Push a new element within the list 'list' with the value '*value' ,by stealing as much resources from '*value' as possible, into the front of the list. Afterwards, *value is cleared and cannot be used anymore. value cannot be NULL.

void name_pop_back(type *data, name_t list)

Pop a element from the list 'list' and set *data to this value if data is not NULL.

void name_pop_move(type *data, name_t list)

Pop a element from the list 'list' and initialize and set *data to this value, stealing as much resources from the list as possible.

bool name_empty_p(const name_t list)

Return true if the list is empty, false otherwise.

void name_swap(name_t list1, name_t list2)

Swap the list 'list1' and 'list2'.

void name_it(name_it_t it, name_t list)

Set the iterator 'it' to the back(=first) element of 'list'. There is no destructor associated to this initialization.

void name_it_set(name_it_t it, const name_it_t ref)

Set the iterator 'it' to the iterator 'ref'. There is no destructor associated to this initialization.

void name_it_end(name_it_t it, const name_t list)

Set the iterator 'it' to an invalid reference of 'list'. There is no destructor associated to this initialization.

bool name_end_p(const name_it_t it)

Return true if the iterator doesn't reference a valid element anymore.

bool name_last_p(const name_it_t it)

Return true if the iterator references the top(=last) element or if the iterator doesn't reference a valid element anymore.

bool name_it_equal_p(const name_it_t it1, const name_it_t it2)

Return true if the iterator it1 references the same element than it2.

void name_next(name_it_t it)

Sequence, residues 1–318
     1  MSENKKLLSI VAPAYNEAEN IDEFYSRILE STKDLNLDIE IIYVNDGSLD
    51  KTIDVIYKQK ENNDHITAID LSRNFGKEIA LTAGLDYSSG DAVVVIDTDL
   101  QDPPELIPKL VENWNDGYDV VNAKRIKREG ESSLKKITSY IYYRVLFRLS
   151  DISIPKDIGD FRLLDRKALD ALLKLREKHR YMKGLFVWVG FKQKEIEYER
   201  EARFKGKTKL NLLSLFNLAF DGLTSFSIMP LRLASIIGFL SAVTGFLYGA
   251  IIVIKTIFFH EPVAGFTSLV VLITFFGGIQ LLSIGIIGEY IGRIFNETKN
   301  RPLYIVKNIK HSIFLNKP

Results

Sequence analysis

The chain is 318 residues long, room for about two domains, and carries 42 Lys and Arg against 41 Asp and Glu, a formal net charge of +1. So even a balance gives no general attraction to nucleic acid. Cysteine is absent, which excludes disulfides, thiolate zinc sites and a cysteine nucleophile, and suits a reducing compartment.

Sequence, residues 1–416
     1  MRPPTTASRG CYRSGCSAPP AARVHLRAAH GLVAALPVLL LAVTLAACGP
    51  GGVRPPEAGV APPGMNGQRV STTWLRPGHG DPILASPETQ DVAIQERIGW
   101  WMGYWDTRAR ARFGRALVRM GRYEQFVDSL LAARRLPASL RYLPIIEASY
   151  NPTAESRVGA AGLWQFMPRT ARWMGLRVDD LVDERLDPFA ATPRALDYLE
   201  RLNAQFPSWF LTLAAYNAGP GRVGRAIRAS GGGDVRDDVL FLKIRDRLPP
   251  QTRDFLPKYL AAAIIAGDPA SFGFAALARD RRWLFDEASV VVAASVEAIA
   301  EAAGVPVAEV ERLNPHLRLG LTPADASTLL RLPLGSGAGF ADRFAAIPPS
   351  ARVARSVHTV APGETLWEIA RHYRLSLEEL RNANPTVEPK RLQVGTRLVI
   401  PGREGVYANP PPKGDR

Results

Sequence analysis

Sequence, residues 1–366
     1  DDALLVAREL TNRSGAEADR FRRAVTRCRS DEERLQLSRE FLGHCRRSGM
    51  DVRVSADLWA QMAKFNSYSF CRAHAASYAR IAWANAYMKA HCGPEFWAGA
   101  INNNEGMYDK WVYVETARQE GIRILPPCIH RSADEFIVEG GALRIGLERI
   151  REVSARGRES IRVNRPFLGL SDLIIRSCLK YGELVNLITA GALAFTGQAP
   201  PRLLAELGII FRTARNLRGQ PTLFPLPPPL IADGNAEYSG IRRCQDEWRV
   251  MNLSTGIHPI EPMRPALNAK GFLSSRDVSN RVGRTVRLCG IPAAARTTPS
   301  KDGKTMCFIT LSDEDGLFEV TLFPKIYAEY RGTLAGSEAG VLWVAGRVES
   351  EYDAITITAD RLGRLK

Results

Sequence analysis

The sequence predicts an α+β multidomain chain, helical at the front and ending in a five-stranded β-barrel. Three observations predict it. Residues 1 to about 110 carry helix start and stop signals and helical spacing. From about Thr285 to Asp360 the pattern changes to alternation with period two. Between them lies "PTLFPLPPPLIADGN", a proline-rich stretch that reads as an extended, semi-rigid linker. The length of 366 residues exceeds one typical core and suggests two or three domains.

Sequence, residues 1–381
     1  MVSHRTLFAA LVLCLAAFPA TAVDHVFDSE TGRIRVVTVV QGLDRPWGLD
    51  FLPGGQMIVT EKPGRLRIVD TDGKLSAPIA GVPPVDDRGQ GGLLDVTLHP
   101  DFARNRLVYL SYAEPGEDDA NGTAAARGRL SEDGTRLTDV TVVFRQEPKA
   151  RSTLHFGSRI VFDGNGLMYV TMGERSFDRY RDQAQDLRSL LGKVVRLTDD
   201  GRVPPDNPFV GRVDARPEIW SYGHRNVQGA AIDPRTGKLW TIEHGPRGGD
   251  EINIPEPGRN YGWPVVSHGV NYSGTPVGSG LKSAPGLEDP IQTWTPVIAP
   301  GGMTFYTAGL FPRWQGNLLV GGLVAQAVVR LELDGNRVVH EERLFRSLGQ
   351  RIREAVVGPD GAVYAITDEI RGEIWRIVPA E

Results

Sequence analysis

Move the iterator 'it' to the next element of the list, ie. from the back (=first) element to the front(=last) element.

type *name_ref(name_it_t it)

Return a pointer to the element pointed by the iterator. This pointer remains valid until the object is destroyed.

const type *name_cref(const name_it_t it)

Return a constant pointer to the element pointed by the iterator. This pointer remains valid until the object is destroyed.

size_t name_size(const name_t list)

Compute and return the number elements of the list (aka size). Return 0 if there no element.

void name_insert(name_t list, const name_it_t it, const type x)

Insert 'x' after the position pointed by 'it' (which is an iterator of the list 'list') or if 'it' doesn't point anymore to a valid element of the list, it is added as the back (=first) element of the 'list'

void name_remove(name_t list, name_it_t it)

Remove the element 'it' from the list 'list'. After wise, 'it' points to the next element of the list.

void name_splice_back(name_t list1, name_t list2, name_it_t it)

Move the element pointed by 'it' (which is an iterator of 'list2') from the list 'list2' to the back position of 'list1'. After wise, 'it' points to the next element of 'list2'.

void name_splice(name_t list1, name_t list2)

Move all the element of 'list2' into 'list1", moving the last element of 'list2' after the first element of 'list1'. After-wise, 'list2' is emptied.